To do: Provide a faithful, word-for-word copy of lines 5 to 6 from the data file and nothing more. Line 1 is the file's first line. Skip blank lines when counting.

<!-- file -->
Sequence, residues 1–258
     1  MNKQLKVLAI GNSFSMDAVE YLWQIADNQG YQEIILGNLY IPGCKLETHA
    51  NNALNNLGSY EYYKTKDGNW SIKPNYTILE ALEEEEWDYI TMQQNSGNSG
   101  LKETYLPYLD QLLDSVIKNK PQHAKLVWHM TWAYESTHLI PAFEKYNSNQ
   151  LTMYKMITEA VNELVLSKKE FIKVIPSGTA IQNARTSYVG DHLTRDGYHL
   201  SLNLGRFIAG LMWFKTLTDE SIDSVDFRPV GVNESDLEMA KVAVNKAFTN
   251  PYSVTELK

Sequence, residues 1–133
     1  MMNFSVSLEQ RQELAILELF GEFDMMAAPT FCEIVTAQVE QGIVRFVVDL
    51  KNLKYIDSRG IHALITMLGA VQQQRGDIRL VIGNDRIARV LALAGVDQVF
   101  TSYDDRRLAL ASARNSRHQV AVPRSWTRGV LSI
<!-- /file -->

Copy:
   151  LTMYKMITEA VNELVLSKKE FIKVIPSGTA IQNARTSYVG DHLTRDGYHL
   201  SLNLGRFIAG LMWFKTLTDE SIDSVDFRPV GVNESDLEMA KVAVNKAFTN